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article imageTokamak Energy joins with Atkins to get fusion energy on the grid

By Karen Graham     Sep 29, 2017 in Technology
London - Tokamak Energy announced on Thursday it has engaged Atkins, a member of the SNC-Lavalin group, to help establish the costs, concept design and timeline for the first ever fusion facility to generate more energy than it consumes in the United Kingdom.
The project is just the first stage of a partnership formed with one of the world's most reputable engineering firms. Atkins is a well-respected design, engineering and project management consultancy with offices in the U.K. and Europe, Asia Pacific, Middle East and Africa and North America.
Atkins has a large presence in the energy field.
Atkins has a large presence in the energy field.
Atkins
The project will begin with the development of a timeline and strategy to secure the required authorizations and approvals for the facility. These include (where necessary) Development Consent Orders and Environmental Permits. A strategy for the facility will be mapped out, including designs for the reactor and all the necessary infrastructure required to run it.
A credible cost estimate, timeline, and risk assessment for the project, including design, construction, operations and decommissioning will also need to be developed.
Project centers around a new Tokamak
The new Tokamak fusion reactor is expected to be about three to four times larger than Tokamak Energy’s current prototype, the ST40, which is 4.0 meters (13 feet) tall and 2.5 meters (8.2 feet) in diameter. The spherical ST40 uses high-temperature superconductors (HTC) made from rare earth barium copper oxide (REBCO) to create strong magnetic fields to contain the hot plasma.
An early model of one of the first Tokamaks.
An early model of one of the first Tokamaks.
Sergey Rodovnichenko from Moscow, Russia
Tokamak Energy has established itself as the world’s leading private fusion energy venture, having already designed and built three experimental tokamak devices to prove the potential of its spherical compact design, a big step up from the original Russian tokamak T3 built in the 1960s. The T3 was a wide, ring-doughnut shape, and was later proved to be far from the ideal design.
Challenges to face
Tokamak Energy says by moving from a doughnut-shaped plasma ring to an apple-shaped plasma ring, the plasma is contained more efficiently. But even redesigning the Tokamak fusion chamber led to problems. The more compact spherical design led to a lack of space in the center of the machine for magnets and their protective shielding.
A typical plasma in the MAST spherical tokamak machine at the Culham Centre for Fusion Energy in the...
A typical plasma in the MAST spherical tokamak machine at the Culham Centre for Fusion Energy in the UK. The image shows the main plasma as the sphere in the center of the image. The elongations at the top and bottom are extensions to the plasma where it flows to ring-shaped "diverters" at the top and bottom of the reactor. Diverters help shape the plasma, as well as clear it of heavier impurities and fusion ash.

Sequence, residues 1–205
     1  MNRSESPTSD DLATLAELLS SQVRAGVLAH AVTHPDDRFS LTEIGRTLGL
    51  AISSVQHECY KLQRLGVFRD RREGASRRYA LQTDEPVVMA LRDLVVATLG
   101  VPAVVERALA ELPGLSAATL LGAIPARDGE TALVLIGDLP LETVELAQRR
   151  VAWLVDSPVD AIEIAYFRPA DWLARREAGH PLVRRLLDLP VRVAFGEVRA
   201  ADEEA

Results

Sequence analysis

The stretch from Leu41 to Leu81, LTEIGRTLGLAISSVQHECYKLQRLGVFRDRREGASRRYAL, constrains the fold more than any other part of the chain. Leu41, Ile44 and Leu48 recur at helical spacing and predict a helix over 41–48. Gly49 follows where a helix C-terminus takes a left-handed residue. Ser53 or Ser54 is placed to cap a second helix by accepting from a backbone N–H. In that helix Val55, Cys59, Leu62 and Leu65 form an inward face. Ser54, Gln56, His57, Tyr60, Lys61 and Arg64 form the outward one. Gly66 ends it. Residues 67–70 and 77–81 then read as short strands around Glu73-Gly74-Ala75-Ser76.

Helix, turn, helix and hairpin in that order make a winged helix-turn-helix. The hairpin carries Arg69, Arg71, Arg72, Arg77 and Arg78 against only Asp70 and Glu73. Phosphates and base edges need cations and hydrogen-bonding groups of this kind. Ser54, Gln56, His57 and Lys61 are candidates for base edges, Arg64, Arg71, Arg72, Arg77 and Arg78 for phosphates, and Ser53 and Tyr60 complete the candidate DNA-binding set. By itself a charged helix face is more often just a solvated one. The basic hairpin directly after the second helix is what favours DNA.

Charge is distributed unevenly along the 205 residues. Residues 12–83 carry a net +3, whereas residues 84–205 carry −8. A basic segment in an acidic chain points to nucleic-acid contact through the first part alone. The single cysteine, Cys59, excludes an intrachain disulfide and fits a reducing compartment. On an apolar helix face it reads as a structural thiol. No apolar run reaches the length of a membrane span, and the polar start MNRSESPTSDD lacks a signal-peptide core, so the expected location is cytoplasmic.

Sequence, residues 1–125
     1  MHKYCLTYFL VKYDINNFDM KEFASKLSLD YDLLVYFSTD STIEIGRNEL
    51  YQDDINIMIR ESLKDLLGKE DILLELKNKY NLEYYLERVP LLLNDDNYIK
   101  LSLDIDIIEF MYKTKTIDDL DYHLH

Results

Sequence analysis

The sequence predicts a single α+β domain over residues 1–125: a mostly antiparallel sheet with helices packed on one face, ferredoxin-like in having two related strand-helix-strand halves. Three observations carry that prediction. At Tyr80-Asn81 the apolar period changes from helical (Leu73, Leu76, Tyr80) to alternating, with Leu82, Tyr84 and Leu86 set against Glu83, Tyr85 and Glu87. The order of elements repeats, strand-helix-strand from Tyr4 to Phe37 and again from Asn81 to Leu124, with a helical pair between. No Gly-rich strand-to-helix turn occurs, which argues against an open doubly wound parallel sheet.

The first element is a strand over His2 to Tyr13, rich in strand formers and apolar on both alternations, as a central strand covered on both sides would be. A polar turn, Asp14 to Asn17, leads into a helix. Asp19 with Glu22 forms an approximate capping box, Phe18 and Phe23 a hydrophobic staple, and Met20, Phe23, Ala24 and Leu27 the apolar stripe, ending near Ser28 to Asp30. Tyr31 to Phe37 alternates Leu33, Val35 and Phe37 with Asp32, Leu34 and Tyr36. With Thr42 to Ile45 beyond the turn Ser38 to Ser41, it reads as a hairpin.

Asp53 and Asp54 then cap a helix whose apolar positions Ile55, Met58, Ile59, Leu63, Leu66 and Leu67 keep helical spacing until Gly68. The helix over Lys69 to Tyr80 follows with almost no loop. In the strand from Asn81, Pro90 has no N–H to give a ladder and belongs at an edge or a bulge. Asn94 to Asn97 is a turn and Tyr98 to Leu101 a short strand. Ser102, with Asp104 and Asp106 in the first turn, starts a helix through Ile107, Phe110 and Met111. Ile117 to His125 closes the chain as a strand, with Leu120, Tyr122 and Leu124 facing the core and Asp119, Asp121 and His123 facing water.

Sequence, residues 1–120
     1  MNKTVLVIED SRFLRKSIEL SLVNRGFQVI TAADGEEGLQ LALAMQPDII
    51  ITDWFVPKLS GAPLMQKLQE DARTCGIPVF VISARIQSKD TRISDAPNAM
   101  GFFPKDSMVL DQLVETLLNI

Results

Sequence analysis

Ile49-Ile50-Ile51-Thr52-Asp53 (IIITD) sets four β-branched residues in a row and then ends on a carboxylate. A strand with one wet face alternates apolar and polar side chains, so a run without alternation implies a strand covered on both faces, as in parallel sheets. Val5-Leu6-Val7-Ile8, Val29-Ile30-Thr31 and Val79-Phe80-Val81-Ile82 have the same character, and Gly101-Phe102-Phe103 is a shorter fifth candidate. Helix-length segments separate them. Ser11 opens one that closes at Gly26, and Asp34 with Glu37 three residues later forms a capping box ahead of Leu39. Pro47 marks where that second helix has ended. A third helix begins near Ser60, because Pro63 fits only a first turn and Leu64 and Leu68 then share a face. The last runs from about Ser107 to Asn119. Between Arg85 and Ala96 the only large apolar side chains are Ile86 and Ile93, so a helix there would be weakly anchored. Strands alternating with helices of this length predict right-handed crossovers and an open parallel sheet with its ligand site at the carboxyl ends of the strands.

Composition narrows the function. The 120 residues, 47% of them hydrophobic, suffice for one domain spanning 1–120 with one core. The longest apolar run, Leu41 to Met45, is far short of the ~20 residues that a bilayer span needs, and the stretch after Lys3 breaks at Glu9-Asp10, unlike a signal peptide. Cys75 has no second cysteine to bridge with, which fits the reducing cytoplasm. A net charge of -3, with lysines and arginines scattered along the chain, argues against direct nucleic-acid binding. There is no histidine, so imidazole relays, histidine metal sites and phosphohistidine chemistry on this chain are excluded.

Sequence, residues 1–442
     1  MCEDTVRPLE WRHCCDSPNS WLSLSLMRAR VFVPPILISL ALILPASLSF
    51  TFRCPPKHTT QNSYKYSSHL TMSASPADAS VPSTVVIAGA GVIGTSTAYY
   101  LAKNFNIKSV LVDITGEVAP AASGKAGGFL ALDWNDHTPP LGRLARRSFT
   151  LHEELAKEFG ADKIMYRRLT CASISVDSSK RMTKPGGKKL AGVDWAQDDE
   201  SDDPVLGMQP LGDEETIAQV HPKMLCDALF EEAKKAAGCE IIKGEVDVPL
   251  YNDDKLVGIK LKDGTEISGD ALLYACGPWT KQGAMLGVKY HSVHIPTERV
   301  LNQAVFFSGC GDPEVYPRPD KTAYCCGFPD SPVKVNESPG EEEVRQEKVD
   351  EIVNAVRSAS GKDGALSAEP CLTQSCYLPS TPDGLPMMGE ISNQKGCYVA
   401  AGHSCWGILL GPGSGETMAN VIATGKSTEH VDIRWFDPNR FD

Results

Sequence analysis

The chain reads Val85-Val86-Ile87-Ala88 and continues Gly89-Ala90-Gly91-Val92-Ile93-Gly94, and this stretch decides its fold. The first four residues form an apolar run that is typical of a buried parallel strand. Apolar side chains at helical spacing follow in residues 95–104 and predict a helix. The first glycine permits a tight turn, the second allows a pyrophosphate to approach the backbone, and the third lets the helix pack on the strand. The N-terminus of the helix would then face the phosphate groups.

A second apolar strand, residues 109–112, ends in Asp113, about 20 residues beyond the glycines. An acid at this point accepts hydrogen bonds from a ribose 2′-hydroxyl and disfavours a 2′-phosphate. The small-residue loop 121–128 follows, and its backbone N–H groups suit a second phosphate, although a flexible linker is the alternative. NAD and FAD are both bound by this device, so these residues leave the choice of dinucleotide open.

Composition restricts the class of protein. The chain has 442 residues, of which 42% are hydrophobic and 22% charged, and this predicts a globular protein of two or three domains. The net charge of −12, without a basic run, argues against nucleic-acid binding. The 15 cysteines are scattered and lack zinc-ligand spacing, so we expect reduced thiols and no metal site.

Culham Centre for Fusion Energy.
This meant that achieving high enough magnetic fields for fusion power production would be tricky until new superconductor technology came along. And that technology has been realized in the development of the high-temperature superconductors being manufactured today. The HTC's are manufactured in narrow tapes that are less than 0.1mm thick. When wound into coils, they can create much higher magnetic fields while taking up less space than conventional superconductor magnets.
Tokamak Energy is shooting for producing temperatures of 100 million degrees Celsius in its current prototype – the ST40 – in 2018. This is in the temperature range required to sustain a fusion reaction, following by further development in 2019 to produce high-density plasmas.
“By working with one of the world’s most reputable engineering organisations we will turn the qu...
“By working with one of the world’s most reputable engineering organisations we will turn the question over fusion energy from if to when.”
Tokamak Energy
A dream partnership in the making
Atkins brings more than 50 years of experience in the nuclear sector, including a multidisciplinary role on EDF Energy’s Hinkley Point C, as a founder of the Nuclear Safety Baseline and Design Authority and, since 2010, as Architect Engineer with the Engage consortium at the ITER fusion project in France.
"With a combination of scientific and engineering capabilities, fusion energy can finally move from an industry viewed with skepticism to one with the potential to deliver our future energy needs," says Dr. David Kingham, CEO of Tokamak Energy. “By working with one of the world’s most reputable engineering organizations, and one with an extensive history in nuclear development, we will turn the question over fusion energy from ‘if’ to ‘when.'"
"The success of our compact spherical tokamaks and our theoretical work has established a clear route to fusion power, with an aim to get energy into the grid by 2030. With Atkins on board, we can now outline in detail how we will do this. Such speed and pace have been achieved before in UK engineering – Rolls Royce began development of a commercial jet engine in the 40s, with it gaining universal market acceptance in the 50s. Atkins allows us to match this vision and speed for fusion energy.”
More about tokamak Energy, Atkins, ST40, Nuclear fusion, magnetic fusion energy
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